Blogging as a profession is still a relatively new method of making a living, and it typically involves a great deal of freelance work. Bloggers garner an income through affiliate linking, hosting sponsored ads, writing sponsored posts, and carrying out freelance writing, design, and photography projects on the side—and these are just a few of the ways. The newness of the industry, coupled with the freelance nature of the work, can make it particularly difficult to know how to handle income taxes when tax season hits. Here is what you need to know about taxes and blogging.
Bloggers will need to calculate estimated taxes at the end of the year. This differs from the way in which most traditional employees pay taxes, where taxes are deducted from each paycheck, and they can expect to receive a tax return come tax season. For bloggers, taxes are instead a matter of owing taxes at the end of the year after not having taxes withheld from earnings.
Blogs are now considered by the IRS to be self-run businesses, even for those who work as full-time salaried employees in addition to running a blog. This means that bloggers also need to be mindful of the self-employment tax, which is the combined Social Security and Medicare taxes usually paid by an employee and an employer. As a blogger running your own business, you need to pay for both the employee and employer portions of the tax. Self-employment tax is paid regardless of whether or not you owe any federal income tax.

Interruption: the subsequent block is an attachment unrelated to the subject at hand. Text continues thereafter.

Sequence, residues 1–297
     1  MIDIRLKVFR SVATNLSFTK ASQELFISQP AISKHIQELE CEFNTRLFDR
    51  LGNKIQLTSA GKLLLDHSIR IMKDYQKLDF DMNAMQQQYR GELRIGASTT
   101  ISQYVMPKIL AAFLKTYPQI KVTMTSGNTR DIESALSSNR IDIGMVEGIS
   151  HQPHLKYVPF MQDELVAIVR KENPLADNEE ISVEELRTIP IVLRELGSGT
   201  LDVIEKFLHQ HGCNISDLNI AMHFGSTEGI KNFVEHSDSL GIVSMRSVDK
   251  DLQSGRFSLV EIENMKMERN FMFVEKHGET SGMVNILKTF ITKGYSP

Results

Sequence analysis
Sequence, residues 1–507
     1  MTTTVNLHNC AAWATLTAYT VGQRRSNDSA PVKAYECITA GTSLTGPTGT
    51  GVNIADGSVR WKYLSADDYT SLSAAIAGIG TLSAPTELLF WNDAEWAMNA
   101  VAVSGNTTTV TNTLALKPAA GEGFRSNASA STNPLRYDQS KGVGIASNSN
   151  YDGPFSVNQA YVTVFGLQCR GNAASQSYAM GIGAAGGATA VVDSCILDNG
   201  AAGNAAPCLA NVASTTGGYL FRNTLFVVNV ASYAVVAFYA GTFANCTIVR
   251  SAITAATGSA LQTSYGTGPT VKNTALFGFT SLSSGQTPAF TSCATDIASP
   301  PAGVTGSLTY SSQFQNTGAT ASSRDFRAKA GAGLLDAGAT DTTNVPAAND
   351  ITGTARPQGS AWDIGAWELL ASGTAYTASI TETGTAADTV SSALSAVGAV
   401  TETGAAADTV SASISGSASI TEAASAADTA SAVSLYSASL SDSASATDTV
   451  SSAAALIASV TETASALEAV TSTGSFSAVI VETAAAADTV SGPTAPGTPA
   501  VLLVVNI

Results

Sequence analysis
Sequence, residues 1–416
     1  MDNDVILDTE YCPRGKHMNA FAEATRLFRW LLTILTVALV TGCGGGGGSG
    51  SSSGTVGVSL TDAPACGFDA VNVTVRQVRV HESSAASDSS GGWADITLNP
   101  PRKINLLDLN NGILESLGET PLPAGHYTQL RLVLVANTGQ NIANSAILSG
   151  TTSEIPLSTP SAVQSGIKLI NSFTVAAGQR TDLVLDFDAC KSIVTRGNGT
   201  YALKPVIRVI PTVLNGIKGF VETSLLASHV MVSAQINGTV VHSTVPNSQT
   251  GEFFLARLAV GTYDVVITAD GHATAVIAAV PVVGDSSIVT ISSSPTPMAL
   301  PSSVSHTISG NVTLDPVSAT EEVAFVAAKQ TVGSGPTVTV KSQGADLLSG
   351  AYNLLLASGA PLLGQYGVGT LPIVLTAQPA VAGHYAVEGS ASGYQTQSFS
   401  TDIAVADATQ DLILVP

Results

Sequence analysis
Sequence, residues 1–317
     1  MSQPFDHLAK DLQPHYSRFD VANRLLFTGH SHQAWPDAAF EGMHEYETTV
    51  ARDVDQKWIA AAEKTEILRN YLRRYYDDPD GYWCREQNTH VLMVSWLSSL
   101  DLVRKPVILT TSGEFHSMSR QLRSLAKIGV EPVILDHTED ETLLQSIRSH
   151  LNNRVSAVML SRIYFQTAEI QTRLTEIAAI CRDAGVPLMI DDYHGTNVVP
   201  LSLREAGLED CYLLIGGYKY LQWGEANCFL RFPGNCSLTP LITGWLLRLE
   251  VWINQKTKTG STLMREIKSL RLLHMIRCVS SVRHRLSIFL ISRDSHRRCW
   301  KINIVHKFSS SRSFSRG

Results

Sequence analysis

Keeping track of income
In order to calculate estimated taxes correctly, it’s highly important to keep track of all your income throughout the year as a blogger. This includes any income gained through affiliate linking, sponsored posts, ads, apps, e-books, and blogging-related projects. One great way to keep track of income is to simply create an online spreadsheet and add to it as time passes.
It’s also important to keep track of the expenses that go towards maintaining your blog. Such expenses can include travel to and from blogger events, electronics purchased for blogging purposes, dedicated office furniture, business cards, purchased online ads, website maintenance expenses, postage fees, blog courses, and professional headshots. This can even include a small portion of your rent and utilities if you run your blog out of your own home.
Business as a hobby
One important distinction to make in blogging is whether a blog is run as a hobby or a business. A blog that runs as a true business will have turned a profit outside of all expenses for three of the last five years. If your blog qualifies as a business, you can then count deductible expenses when calculating your taxes.